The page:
John Berger, 2003
The meaning of the verb hide changes a great deal according to the situation and context in which it is used. The act of hiding can be reassuring or dangerous, heroic or cowardly, natural or exceptional. For those who exercise power and are accustomed to doing so, to hide something or somebody, is usually an illicit, subversive act. For those without power, hiding is an act of survival and a way of waiting for things to change. Rulers often pretend that the impulse to hide comes from a sense of shame or guilt; the ruled know very well that it comes from a cunning and an intelligence they admire and need. Ahlam Shibli is a photographer of the hidden, she photographs evidence, traces, places, people, who have remained in hiding. As a Palestinian photographer she is of course on the side of the hidden and those who hide. She lives under cover with them. Some of them are alive, others have departed. I don't think she believes in History; I think she believes that the departed, the absent, are simply elsewhere. She works with great stealth — not because she's secretive or wants to take her subjects off guard (she respects every one of their guards), but because she has to outflank generalisations, for she has learnt that generalisations play into the hands of the powerful, the ignorant and the arrogant. She knows that what is precious, more often than not, hides itself — and is the opposite of jewellery worn by the rich! She has discovered that the dust of every place without a name has its own taste. Her pictures of residences might have been taken by a ghost, they are that empty. Not even a photographer was there. And perhaps this discretion has something to do with being a nomad. Nomads foresee, pass and look back, but they do not arrive.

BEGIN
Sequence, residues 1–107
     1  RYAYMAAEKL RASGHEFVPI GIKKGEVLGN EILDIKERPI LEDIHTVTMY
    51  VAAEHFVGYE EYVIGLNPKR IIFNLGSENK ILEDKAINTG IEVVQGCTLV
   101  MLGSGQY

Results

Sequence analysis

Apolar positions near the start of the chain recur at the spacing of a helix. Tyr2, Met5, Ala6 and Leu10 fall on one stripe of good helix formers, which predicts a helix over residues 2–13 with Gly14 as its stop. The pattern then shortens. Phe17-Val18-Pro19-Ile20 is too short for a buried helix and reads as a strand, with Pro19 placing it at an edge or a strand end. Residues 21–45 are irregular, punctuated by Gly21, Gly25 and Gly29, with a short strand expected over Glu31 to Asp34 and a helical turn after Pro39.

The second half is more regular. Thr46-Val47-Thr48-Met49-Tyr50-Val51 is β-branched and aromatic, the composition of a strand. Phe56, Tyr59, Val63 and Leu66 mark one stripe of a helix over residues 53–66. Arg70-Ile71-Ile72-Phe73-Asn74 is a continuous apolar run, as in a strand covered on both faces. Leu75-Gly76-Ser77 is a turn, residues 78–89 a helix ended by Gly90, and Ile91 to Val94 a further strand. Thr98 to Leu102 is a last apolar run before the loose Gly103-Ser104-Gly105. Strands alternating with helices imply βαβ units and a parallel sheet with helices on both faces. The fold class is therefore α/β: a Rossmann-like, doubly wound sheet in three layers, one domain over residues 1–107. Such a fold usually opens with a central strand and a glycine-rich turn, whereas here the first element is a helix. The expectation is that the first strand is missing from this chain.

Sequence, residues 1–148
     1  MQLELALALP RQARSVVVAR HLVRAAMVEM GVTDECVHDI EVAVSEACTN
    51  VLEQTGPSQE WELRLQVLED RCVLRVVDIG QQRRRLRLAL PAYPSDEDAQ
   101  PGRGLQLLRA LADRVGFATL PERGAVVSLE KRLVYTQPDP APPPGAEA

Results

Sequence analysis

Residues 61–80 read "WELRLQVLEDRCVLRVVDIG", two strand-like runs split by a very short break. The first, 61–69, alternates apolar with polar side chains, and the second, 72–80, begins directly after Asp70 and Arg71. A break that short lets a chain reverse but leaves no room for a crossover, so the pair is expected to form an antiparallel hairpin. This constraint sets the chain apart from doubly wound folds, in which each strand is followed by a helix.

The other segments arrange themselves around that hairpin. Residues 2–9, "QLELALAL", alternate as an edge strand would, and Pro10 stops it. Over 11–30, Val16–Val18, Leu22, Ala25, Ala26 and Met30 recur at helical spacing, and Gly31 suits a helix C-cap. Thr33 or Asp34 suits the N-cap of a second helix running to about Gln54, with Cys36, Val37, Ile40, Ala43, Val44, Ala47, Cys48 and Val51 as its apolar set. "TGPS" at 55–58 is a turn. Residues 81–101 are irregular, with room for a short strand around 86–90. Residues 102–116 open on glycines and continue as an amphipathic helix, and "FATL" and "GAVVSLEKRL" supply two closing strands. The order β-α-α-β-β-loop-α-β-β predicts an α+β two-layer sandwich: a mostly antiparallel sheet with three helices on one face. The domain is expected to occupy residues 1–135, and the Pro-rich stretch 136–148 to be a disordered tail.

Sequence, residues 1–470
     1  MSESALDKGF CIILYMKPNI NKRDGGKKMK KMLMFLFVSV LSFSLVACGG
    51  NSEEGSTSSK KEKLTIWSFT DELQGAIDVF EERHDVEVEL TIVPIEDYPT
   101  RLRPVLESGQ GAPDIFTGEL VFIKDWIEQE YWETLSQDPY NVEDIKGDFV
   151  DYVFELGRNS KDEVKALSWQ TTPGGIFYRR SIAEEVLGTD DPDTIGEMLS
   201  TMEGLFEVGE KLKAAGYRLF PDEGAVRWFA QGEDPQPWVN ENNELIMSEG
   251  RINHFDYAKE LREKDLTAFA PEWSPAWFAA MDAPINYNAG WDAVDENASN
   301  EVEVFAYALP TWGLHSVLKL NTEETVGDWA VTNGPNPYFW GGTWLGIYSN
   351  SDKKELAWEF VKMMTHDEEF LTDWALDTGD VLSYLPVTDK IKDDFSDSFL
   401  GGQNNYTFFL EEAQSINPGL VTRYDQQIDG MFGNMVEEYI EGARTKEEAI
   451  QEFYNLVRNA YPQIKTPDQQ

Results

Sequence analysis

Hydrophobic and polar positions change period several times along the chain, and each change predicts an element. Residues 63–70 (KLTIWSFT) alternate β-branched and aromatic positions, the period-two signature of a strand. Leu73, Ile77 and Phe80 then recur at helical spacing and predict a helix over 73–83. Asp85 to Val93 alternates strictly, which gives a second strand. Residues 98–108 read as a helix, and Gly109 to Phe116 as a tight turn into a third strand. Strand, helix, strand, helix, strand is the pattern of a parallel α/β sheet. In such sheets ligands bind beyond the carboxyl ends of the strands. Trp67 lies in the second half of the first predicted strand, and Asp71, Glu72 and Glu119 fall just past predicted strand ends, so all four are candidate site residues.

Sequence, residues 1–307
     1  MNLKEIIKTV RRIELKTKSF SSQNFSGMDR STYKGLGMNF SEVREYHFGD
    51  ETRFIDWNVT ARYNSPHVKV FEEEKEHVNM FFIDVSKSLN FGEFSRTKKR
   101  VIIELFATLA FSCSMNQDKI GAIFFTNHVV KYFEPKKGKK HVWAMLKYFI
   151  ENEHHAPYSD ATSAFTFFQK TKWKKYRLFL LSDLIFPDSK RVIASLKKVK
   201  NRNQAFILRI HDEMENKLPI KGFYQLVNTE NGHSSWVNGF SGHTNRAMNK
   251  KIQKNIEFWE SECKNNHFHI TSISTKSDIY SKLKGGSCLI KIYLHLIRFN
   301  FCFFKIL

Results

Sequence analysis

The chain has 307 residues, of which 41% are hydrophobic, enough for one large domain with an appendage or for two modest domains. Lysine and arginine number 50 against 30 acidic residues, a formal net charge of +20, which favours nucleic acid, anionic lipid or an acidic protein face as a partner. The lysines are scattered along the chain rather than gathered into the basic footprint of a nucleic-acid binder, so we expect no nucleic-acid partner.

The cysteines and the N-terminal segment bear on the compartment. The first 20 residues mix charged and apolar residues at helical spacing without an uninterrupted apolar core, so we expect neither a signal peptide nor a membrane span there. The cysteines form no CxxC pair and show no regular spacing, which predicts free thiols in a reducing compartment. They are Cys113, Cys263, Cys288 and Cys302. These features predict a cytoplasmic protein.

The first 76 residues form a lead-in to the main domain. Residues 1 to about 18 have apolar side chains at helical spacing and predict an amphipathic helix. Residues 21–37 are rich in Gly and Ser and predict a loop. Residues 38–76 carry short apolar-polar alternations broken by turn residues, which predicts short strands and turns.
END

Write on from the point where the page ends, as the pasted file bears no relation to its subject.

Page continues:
Miraculously, this is how Ahlam Shibli makes a camera her own. She's an incomparable artist and a seer who will never betray a secret.